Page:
Hardware Accelerated Lower Resolutions: Working!

A project log for VGA Graphics Over SPI and Serial - VGATonic

640x480 (and 848x480!) Color VGA Video Card for Microcontrollers and Single Board Computers

PKPK 06/26/2015 at 07:330 Comments

I've got some good after-midnight Pacific Time news for you: hardware acceleration of lower resolutions is working!!! (Macrocell count: 137/144. Pushing it...)

This is a great result for slower-speed parts, since you can still get a usable resolution out of any VGA monitor you've got without forcing a "slide show" through 640x480 resolution.

Here are the stats for 8 bit color; bpS is 'bits per Screen'

So, if you only had 2 MHz SPI on your part, you were staring at .8 frames per second... but if you drop down to the hardware accelerated 160x120 you can now support 13!

Here's a quick snap of a desktop at 80*60, for the laughs and the proof (bonus: can you identify the single board computer at this puny resolution? I'll release a new Linux framebuffer driver drop after the VHDL is good!):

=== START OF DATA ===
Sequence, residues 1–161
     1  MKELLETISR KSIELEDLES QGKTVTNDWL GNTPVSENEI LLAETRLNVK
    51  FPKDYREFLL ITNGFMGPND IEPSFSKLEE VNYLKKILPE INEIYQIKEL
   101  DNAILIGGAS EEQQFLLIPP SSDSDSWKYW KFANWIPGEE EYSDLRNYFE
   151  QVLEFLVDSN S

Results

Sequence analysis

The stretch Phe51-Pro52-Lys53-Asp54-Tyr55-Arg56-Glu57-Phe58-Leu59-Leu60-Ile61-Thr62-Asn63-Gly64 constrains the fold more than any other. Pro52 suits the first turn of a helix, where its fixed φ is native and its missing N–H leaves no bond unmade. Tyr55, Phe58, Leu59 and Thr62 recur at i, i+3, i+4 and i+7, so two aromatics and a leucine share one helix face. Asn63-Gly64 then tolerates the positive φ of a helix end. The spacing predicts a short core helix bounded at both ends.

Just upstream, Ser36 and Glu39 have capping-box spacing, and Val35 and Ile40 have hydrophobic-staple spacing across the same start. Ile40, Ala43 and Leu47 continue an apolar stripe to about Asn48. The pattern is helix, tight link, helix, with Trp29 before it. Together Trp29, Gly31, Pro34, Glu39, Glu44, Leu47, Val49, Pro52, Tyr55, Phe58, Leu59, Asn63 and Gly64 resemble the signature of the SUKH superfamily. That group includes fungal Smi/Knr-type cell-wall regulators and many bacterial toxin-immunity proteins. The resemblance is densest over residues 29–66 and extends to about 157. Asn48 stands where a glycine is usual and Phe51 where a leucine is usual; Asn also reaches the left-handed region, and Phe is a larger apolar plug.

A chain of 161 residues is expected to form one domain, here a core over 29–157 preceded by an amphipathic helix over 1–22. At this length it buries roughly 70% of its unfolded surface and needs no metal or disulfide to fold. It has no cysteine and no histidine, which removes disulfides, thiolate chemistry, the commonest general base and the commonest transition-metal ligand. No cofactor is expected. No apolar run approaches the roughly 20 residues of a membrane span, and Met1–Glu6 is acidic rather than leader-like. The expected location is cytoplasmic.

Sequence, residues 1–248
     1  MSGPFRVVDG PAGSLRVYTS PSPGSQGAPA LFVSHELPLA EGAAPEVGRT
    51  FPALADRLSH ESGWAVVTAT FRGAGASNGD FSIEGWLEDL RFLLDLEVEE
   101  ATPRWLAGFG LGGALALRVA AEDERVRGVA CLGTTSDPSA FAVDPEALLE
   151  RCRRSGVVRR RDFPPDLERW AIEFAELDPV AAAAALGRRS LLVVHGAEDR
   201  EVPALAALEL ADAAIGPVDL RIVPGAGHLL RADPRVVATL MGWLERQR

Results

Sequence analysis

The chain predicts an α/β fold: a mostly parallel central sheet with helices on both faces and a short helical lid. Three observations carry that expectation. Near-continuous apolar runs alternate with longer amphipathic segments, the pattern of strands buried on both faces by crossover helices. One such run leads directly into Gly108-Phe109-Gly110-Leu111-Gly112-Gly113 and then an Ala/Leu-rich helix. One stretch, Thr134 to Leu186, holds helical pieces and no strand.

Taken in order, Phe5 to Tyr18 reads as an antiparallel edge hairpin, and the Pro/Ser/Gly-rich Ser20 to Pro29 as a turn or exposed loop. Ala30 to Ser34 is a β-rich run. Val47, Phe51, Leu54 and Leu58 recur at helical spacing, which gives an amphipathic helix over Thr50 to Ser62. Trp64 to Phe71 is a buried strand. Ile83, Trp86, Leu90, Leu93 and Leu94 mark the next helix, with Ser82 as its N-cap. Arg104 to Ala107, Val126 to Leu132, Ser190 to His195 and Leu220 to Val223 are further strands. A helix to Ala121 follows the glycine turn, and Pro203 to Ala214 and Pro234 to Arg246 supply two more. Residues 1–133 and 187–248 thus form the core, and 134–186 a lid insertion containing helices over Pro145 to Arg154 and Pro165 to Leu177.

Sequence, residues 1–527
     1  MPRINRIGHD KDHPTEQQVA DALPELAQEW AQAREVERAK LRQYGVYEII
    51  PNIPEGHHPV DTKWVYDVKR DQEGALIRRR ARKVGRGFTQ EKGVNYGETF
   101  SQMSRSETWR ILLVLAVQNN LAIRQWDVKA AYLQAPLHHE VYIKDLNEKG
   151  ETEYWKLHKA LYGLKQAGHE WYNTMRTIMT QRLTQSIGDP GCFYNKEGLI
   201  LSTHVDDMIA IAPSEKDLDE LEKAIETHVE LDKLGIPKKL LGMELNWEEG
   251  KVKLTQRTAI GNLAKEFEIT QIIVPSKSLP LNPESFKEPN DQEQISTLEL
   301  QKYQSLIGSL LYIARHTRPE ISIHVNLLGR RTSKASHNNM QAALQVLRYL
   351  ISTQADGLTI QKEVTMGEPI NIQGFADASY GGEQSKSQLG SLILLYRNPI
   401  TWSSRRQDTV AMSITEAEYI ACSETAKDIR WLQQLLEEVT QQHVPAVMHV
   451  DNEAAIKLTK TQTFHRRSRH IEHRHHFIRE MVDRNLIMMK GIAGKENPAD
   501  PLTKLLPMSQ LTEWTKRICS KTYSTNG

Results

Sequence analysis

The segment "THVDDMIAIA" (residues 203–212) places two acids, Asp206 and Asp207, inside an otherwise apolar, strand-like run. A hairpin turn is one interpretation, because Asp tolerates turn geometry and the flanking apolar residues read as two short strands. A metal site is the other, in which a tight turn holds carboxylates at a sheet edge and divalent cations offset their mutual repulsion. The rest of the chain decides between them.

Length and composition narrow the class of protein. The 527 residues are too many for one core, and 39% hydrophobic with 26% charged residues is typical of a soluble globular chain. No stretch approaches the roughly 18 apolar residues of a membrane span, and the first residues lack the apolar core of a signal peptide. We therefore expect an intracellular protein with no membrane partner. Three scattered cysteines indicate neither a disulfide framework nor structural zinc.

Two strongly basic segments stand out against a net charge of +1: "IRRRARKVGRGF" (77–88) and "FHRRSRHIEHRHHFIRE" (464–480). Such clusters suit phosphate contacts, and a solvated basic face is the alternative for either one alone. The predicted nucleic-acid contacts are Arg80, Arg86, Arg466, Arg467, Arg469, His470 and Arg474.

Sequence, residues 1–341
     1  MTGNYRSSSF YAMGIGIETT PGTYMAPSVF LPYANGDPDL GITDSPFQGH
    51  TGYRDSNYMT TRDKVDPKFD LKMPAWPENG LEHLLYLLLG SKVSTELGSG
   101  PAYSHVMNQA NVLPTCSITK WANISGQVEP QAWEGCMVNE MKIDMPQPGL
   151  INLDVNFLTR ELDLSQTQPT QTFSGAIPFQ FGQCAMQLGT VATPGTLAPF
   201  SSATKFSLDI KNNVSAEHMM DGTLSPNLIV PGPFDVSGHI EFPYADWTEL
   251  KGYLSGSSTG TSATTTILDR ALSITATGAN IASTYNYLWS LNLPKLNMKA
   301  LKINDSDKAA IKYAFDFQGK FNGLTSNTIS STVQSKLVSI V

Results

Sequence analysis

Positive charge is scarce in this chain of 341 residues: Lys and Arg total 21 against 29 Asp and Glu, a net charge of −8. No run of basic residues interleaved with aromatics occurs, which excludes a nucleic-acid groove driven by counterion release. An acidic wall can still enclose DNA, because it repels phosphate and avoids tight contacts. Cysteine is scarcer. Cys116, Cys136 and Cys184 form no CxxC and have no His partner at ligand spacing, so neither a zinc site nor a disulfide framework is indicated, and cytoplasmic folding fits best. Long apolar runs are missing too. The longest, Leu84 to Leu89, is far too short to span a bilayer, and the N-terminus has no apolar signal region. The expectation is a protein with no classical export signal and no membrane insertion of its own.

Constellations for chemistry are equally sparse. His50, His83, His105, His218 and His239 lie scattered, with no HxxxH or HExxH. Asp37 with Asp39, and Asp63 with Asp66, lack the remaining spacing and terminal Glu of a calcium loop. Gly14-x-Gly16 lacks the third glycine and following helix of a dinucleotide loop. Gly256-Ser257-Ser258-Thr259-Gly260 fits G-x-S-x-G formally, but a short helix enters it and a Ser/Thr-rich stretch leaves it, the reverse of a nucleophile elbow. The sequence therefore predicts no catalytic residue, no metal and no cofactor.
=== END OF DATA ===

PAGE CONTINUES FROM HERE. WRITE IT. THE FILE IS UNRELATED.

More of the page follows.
Pretty funny, eh? Well... I thought it was funny, anyway.

(Side note: everything is working beutifully in Linux; I can do my resolutions changes with 'fbset -fb /dev/<mine> -xres xxx -yres yyy' just fine. Props, too, for xserver dealing with 80x60...)

And the theory:

Rows are easy; for each drop in resolution, double the number of rows we 'loiter on'.

480 Rows = 1 Clock
240 Rows = 2 Clock
120 Rows = 4 Clocks
60 Rows  = 8 Clocks
Don't you love powers of two?

Columns are a little trickier - I had to find a way to skip ahead, but the 'loitering' part isn't that bad - for each drop in resolution, I shift the LSB. I'll write out the bits so you can see the pattern:

640 = 0000 0010 1000 0000
320 = 0000 0001 0100 0000
160 = 0000 0000 1010 0000
80  = 0000 0000 0101 0000
That beautiful shift is what allows us to force VGATonic to sit on a pixel fo a few clocks before shifting. I'll upload the VHDL soon, hopefully with color depth features added.

You know, if I can fit them into 7 macrocells.